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    $\begingroup$ @Quanto There was some amount of luck in producing this substitution, too, i.e., I don't claim to have a systematic way of producing such substitutions. But polynomials $z^4 + a$ (for appropriate values of $a$) are the archetypal examples of irreducible polynomials with Galois group $D_8 < S_4$, suggesting that such a substitution may exist. $\endgroup$ Commented Mar 12, 2021 at 23:18
  • $\begingroup$ @Quanto I've filled in some of the details applying the Method of Partial Fractions and then integrating. The final expressions for the antiderivative in $u$ and the constant $\beta$---the expressions in $\arctan$ and $\operatorname{artanh}$ near the end of my answer---are (to me) surprisingly nice. $\endgroup$ Commented Mar 13, 2021 at 2:16

This feels more like a comment to Travis Willse's excellent answer, which essentially solves the problem, but here's the rest of the calculation:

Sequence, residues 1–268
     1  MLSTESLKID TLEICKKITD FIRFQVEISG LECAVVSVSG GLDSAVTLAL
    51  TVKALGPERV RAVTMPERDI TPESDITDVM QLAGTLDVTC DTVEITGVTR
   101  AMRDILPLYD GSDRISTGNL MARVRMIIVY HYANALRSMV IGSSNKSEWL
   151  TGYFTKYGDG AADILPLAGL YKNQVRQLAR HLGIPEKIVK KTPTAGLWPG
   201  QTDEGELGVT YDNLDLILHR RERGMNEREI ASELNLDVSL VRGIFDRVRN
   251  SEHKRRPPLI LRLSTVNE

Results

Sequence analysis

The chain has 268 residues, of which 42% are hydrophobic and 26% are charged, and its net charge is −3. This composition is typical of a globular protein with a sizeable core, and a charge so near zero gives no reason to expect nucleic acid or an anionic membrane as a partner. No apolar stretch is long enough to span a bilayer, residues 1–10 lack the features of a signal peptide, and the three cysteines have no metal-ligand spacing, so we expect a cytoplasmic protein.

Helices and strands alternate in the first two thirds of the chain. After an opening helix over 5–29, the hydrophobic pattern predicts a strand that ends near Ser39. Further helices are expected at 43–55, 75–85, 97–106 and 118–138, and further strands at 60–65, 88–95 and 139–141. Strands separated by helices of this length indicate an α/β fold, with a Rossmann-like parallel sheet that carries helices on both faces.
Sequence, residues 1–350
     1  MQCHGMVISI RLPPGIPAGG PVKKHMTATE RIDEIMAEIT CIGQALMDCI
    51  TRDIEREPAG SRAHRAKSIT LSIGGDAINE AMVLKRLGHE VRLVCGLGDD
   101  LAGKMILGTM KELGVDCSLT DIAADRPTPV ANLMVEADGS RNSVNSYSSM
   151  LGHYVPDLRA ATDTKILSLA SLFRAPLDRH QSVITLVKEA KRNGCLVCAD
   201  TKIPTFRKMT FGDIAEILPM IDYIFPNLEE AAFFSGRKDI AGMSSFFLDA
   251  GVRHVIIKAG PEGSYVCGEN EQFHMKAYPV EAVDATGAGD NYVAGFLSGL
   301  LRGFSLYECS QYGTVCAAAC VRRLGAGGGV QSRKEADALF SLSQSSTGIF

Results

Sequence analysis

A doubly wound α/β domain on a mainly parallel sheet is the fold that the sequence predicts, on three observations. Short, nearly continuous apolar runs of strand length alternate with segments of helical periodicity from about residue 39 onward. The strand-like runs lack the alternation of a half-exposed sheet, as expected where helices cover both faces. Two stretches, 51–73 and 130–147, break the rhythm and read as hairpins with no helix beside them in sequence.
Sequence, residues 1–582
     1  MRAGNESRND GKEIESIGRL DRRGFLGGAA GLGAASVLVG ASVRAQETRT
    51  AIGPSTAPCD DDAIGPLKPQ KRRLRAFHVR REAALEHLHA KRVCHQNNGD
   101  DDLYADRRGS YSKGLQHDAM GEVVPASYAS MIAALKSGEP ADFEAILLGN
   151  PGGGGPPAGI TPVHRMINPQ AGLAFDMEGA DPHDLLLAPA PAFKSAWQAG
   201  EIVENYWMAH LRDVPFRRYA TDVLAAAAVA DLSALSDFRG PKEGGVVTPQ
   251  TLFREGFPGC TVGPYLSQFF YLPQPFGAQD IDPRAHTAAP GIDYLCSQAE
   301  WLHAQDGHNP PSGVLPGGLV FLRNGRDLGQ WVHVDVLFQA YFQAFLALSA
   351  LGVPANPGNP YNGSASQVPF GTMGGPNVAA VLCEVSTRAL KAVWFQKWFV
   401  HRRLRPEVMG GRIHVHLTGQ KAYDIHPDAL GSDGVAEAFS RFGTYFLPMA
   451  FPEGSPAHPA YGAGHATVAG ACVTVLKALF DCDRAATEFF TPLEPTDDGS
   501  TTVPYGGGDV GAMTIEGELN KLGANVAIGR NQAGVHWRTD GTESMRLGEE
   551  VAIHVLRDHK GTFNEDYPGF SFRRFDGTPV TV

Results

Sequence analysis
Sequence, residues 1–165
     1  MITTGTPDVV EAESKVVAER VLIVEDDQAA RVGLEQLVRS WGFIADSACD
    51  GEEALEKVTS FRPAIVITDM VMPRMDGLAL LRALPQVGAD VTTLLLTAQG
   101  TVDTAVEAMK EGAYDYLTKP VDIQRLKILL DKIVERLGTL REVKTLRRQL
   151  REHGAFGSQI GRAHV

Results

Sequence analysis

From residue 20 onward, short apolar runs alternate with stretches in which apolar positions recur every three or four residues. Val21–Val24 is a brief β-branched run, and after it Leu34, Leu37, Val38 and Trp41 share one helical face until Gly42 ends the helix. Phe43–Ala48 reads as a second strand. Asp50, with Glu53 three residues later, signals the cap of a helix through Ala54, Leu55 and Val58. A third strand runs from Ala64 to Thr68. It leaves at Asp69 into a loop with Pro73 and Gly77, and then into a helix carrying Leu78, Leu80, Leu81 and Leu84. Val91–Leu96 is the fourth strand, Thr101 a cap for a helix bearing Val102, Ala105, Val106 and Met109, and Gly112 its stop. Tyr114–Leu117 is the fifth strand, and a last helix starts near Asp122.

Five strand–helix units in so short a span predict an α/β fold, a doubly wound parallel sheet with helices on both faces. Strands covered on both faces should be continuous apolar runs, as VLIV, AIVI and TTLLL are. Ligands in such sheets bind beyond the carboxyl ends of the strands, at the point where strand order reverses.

So far we have ($u = \frac{\tan \left(\frac{\pi}{8} - \frac{t}{2}\right)}{\sqrt{2}-1}$) \begin{align} I &\equiv \int \limits_0^{\pi/2} \frac{\mathrm{d} t}{\sin(t) + \cos(t) + \tan(t) + \cot(t) + \sec(t) + \csc(t)} \\ &= 2 \int \limits_0^{\pi/4} \frac{\mathrm{d} t}{\sin(t) + \cos(t) + \tan(t) + \cot(t) + \sec(t) + \csc(t)} \\ &= \frac{2 \sqrt{2} \beta^2}{\sqrt{7}} \int \limits_0^1 \frac{1-u^2}{u^4 + \beta^4} \, \mathrm{d} u = \frac{2 \sqrt{2} \beta^2}{\sqrt{7}} \int \limits_0^1 \frac{1-u^2}{(u^2 + \mathrm{i} \beta^2) (u^2 - \mathrm{i} \beta^2)} \, \mathrm{d} u \end{align} with $\beta = \sqrt{\frac{5 + 4 \sqrt{2}}{\sqrt{7}}}$. We now need $a_{1/2} \in \mathbb{C}$ such that $a_1 (u^2 + \mathrm{i} \beta^2) + a_2 (u^2 - \mathrm{i} \beta^2) = 1 - u^2$ holds. The solution is $a_{1/2} = - \frac{1}{2} \left(1 \pm \frac{\mathrm{i}}{\beta^2}\right)$, so we can write \begin{align} I &= - \frac{2 \sqrt{2} \beta^2}{\sqrt{7}} \operatorname{Re} \left[\left(1 + \frac{\mathrm{i}}{\beta^2}\right) \int \limits_0^1 \frac{\mathrm{d} u}{u^2 - \mathrm{i} \beta^2} \right] = - \frac{2 \sqrt{2} \beta^2}{\sqrt{7}} \operatorname{Re} \left[\left(1 + \frac{\mathrm{i}}{\beta^2}\right) \int \limits_0^1 \frac{\mathrm{d} u}{u^2 + \left(\frac{1 - \mathrm{i}}{\sqrt{2}} \beta\right)^2} \right] \\ &= - \frac{2 \sqrt{2} \beta^2}{\sqrt{7}} \operatorname{Re} \left[\left(1 + \frac{\mathrm{i}}{\beta^2}\right) \frac{1 + \mathrm{i}}{\sqrt{2} \beta} \arctan \left(\frac{1 + \mathrm{i}}{\sqrt{2} \beta}\right) \right] \\ &= - \frac{2}{\sqrt{7}} \operatorname{Re} \left[\left(\beta - \beta^{-1} + \mathrm{i} \left(\beta + \beta^{-1}\right)\right) \arctan \left(\frac{1 + \mathrm{i}}{\sqrt{2} \beta}\right) \right] \\ &= - \frac{1}{\sqrt{7}} \operatorname{Re} \left[\left(\beta - \beta^{-1} + \mathrm{i} \left(\beta + \beta^{-1}\right)\right) \left(\arctan \left(\frac{\sqrt{2}}{\beta - \beta^{-1}}\right) + \mathrm{i} \operatorname{artanh} \left(\frac{\sqrt{2}}{\beta + \beta^{-1}}\right)\right) \right] \\ &= \frac{1}{\sqrt{7}} \left[\left(\beta + \beta^{-1}\right) \operatorname{artanh} \left(\frac{\sqrt{2}}{\beta + \beta^{-1}}\right)- \left(\beta - \beta^{-1}\right) \arctan \left(\frac{\sqrt{2}}{\beta - \beta^{-1}}\right)\right] \, . \end{align} In the penultimate step we have used $$ \arctan(a + \mathrm{i} b) = \frac{1}{2} \left[\arctan \left(\frac{2 a}{1 - a^2 - b^2}\right) + \mathrm{i} \operatorname{artanh} \left(\frac{2 b}{1 + a^2 + b^2}\right)\right] $$ from here. Since $\beta \pm \beta^{-1} = \sqrt{2} \sqrt{4 \sqrt{\frac{2}{7}} \pm 1}$, we obtain $$ I = \sqrt{\frac{2}{7}} \left[\sqrt{4 \sqrt{\frac{2}{7}} + 1} \operatorname{arcoth} \left(\sqrt{4 \sqrt{\frac{2}{7}} + 1}\right) - \sqrt{4 \sqrt{\frac{2}{7}} - 1} \operatorname{arccot} \left(\sqrt{4 \sqrt{\frac{2}{7}} - 1}\right)\right] \, , $$ which is a simplified version of the final result given in the question.